The hollow man exposed

It’s raining today. It’s only light rain, but it’s been falling on and off for the last few hours. It’s been a dry year and rain is always welcome in Melbourne, but it’s really needed to the east of here, and in heavier doses.

After the horrors of yesterday, any weather relief is welcome for the firefighters. There are still many communities under threat, and loss of property is widespread. I heard it was raining in Canberra today (after their hottest day on record yesterday), and it seems the more moderate weather conditions will prevail over the fires in the east of the state, and over the border. It will come as some relief, but it’s a long way from what is needed.

It’s a strange time. There was heavy smoke from the fires on Thursday, and since to varying degrees. We’ve been subjected to the eerie lighting that often comes with bushfires, and fiery sunsets. There have been fires on the outskirts of Melbourne, but we’ve been largely untouched. Life might almost be normal except there’s not a soul here that isn’t caught up in the unfolding catastrophes.

I find it difficult. I watched the cricket yesterday, but I was continually checking the news on the fires, either on the ABC or twitter. I reckon I’d have done that every five minutes. The pleasure of the game was much diluted because of that. Regardless of what Morrison says, it’s times like these you get a true perspective.

It seems incomprehensible that I could be sitting there safe and sound while at every moment the fires consume the land and property. In Victoria alone, there’ve been a thousand firies fighting the blazes. There’ve given up their time, and many of them have lost their properties and there on day and night and I’m sitting there watching the cricket.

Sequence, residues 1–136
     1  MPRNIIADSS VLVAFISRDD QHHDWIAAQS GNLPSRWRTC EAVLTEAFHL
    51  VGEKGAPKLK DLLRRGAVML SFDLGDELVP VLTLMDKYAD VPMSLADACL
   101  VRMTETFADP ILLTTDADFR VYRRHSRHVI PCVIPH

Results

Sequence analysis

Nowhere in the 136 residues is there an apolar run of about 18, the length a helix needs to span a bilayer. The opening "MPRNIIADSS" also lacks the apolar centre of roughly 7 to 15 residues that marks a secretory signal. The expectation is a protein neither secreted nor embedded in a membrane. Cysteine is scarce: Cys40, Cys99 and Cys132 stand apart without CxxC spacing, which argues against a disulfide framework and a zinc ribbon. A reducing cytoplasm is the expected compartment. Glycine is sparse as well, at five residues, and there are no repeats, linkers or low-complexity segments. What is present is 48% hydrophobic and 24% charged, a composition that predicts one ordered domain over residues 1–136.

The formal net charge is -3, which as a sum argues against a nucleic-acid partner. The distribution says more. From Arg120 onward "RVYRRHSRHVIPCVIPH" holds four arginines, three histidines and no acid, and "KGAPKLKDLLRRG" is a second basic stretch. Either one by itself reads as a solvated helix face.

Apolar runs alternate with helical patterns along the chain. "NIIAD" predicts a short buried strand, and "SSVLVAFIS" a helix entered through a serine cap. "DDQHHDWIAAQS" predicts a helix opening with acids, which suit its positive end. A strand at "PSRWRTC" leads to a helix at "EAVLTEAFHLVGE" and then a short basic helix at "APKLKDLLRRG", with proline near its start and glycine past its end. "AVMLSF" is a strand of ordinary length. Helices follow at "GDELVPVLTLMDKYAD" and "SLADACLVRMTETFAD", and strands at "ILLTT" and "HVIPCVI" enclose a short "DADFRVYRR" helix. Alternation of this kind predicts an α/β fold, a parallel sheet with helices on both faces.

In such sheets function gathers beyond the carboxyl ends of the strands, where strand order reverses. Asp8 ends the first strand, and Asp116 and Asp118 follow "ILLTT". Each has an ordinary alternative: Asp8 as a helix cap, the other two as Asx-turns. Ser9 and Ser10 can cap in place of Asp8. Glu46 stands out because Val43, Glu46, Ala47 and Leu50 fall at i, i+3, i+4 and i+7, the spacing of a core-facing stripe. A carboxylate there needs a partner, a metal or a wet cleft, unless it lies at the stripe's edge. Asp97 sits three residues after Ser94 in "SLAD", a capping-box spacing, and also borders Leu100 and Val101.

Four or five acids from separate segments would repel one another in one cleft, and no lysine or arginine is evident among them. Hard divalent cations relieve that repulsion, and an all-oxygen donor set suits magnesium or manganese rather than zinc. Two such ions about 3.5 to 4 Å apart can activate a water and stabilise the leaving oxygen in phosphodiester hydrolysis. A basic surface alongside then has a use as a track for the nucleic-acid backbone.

Every day I have tears in my eyes, and not just once but 10-12 times a day – with every news report I read or see, every development.

I’m inspired by the resilience of the people on the ground. It’s a terrible time but – with notable exceptions – this has brought out the best in our community. It breaks me up every time, and it has restored much of the faith I’ve bled in the last nine months. People are good when they’re allowed to be. They’re strong and generous and decent. It’s such a cliche, but it’s true – this is the best of us.

We’ve had thousands of people displaced by these fires, many of them stranded and requiring rescue. No complaints anywhere. Everyone looking out for each other. It’s a terrible experience but there’s no time for self-pity. We’re all in it together.

The community response, in general, has been incredible and heartwarming. Stories of Sikh and Muslim communities travelling to affected areas to cook and provide food for firies and refugees. Homes being thrown open to take in those who have lost their own home. Shops giving away food and supplies to those who need it. And hundreds – if not thousands – who have donated food and supplies to the effort. To top it all off has been the donations made to the relief effort not just here in Oz, but across the world.

Then there are the firefighters. Most of them are volunteers. Many of them have been fighting fires for months now. These are people you work with and see in the street. They’re normal folk with a strong sense of duty. They fight on, getting little rest, facing horrendous conditions against an implacable foe. Their lives are at threat. As I said, there’s many who have lost their own homes in the fight. And yet they go on. I’m humbled by them.

I don’t know if they’re fighting a losing battle, but they won’t give in. These are terrible fires though, and that adds to the drama and the emotion of it. We’ve had terrible fires before, but generally they’ve been contained and extinguished within a few days. Even Black Saturday, when 173 people died, all the damage was within a devastating period of time. These fires haven’t stopped though, and listening to one of the CFA commanders yesterday he reckons we’ve got another eight weeks of this. Remember – we’ve yet to hit the peak of summer.